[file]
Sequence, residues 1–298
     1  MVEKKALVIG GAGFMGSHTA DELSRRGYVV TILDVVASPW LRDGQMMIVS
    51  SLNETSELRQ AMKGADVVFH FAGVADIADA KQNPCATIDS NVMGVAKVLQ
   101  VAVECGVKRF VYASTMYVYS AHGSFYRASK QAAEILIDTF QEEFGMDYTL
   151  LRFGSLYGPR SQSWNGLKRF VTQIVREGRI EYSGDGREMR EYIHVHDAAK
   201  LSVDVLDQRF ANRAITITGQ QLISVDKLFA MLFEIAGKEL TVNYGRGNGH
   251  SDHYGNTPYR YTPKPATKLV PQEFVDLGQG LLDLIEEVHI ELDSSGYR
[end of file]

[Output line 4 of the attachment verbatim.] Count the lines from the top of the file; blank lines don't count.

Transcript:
   101  VAVECGVKRF VYASTMYVYS AHGSFYRASK QAAEILIDTF QEEFGMDYTL